19. Geometric intrinsic symmetries

    SciTech Connect

    Gozdz, A. Szulerecka, A.; Pedrak, A.

    2013-08-15

    The problem of geometric symmetries in the intrinsic frame of a many-body system (nucleus) is considered. An importance of symmetrization group notion is discussed. Ageneral structure of the intrinsic symmetry group structure is determined.

  20. Covariant energy density functionals: The assessment of global performance across the nuclear landscape

    SciTech Connect

    Afanasjev, A. V.

    2015-10-15

    The assessment of the global performance of the state-of-the-art covariant energy density functionals and related theoretical uncertainties in the description of ground state observables has recently been performed. Based on these results, the correlations between global description of binding energies and nuclear matter properties of covariant energy density functionals have been studied in this contribution.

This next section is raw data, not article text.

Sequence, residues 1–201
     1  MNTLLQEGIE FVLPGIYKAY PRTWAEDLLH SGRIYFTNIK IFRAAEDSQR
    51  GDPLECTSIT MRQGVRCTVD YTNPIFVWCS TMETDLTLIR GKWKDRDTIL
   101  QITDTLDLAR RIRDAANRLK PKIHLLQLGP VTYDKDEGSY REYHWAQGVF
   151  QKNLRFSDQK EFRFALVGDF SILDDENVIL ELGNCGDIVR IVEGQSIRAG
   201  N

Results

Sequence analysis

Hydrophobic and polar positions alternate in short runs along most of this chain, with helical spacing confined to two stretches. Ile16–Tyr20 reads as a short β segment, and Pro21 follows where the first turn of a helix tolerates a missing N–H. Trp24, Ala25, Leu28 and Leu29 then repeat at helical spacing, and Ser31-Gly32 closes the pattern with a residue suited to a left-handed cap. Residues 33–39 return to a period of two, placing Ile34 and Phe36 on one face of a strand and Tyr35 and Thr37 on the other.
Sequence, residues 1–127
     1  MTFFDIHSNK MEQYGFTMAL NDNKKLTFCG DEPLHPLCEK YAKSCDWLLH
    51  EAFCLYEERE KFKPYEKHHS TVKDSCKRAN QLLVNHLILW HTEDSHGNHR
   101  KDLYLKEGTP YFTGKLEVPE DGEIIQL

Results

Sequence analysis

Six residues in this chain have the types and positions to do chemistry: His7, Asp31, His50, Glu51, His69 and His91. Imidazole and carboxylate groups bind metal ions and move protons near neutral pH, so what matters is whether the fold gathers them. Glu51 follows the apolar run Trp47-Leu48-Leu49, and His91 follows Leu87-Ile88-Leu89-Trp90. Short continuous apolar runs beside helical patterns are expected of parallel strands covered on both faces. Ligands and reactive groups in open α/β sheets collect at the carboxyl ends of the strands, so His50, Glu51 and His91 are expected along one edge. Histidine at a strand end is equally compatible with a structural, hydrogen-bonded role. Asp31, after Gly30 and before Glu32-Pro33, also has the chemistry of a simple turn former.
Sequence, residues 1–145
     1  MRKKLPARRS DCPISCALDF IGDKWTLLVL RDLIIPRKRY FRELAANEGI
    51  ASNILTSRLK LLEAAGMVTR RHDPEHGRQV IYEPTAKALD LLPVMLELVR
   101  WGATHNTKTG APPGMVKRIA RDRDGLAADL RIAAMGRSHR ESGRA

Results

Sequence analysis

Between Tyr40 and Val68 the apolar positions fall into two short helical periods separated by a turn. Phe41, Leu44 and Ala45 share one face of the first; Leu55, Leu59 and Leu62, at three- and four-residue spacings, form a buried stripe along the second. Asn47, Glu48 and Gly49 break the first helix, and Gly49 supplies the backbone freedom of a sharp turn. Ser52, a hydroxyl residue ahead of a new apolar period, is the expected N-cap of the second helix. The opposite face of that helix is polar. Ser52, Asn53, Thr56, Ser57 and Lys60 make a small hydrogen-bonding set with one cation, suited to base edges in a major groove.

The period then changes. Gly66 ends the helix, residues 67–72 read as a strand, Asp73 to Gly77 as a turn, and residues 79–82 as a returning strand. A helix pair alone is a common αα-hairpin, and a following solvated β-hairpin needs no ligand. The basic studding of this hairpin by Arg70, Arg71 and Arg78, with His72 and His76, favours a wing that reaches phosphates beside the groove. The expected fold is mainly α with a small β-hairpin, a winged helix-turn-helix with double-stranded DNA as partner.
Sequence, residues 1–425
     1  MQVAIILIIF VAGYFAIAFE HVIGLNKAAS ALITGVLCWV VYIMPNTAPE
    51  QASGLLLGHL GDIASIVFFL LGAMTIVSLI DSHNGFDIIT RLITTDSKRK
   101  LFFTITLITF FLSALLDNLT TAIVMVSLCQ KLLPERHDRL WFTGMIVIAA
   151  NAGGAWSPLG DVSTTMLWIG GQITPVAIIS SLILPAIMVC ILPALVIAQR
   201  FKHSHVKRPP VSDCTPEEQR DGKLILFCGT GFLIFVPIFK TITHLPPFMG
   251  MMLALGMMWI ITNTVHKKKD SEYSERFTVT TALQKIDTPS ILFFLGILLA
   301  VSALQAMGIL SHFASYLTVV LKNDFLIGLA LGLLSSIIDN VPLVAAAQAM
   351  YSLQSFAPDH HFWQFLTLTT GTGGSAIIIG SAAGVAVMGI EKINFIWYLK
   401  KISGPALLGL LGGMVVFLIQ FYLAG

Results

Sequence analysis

1. Energy Band Gap, Intrinsic Carrier Concentration and Fermi Level of CdTe Bulk Crystal between 304 K and 1067 K

    NASA Technical Reports Server (NTRS)

    Su, Ching-Hua

    2007-01-01

    Optical transmission measurements were performed on CdTe bulk single crystal. It was found that when a sliced and polished CdTe wafer was used, a white film started to develop when the sample was heated above 530 K and the sample became opaque. Therefore, a bulk crystal of CdTe was first grown in the window area by physical vapor transport; the optical transmission was then measured and from which the energy band gap was derived between 304 and 1067 K. The band gaps of CdTe can be fit well as a function of temperature using the Varshini expression: Eg (e V) = 1.5860 - 5.9117xl0(exp -4) T(sup 2)/(T + 160). Using the band gap data, the high temperature electron-hole equilibrium was calculated numerically by assuming the Kane's conduction band structure and a heavy-hole parabolic valance band. The calculated intrinsic carrier concentrations agree well with the experimental data reported previously. The calculated intrinsic Fermi levels between 270 and 1200 K were also presented.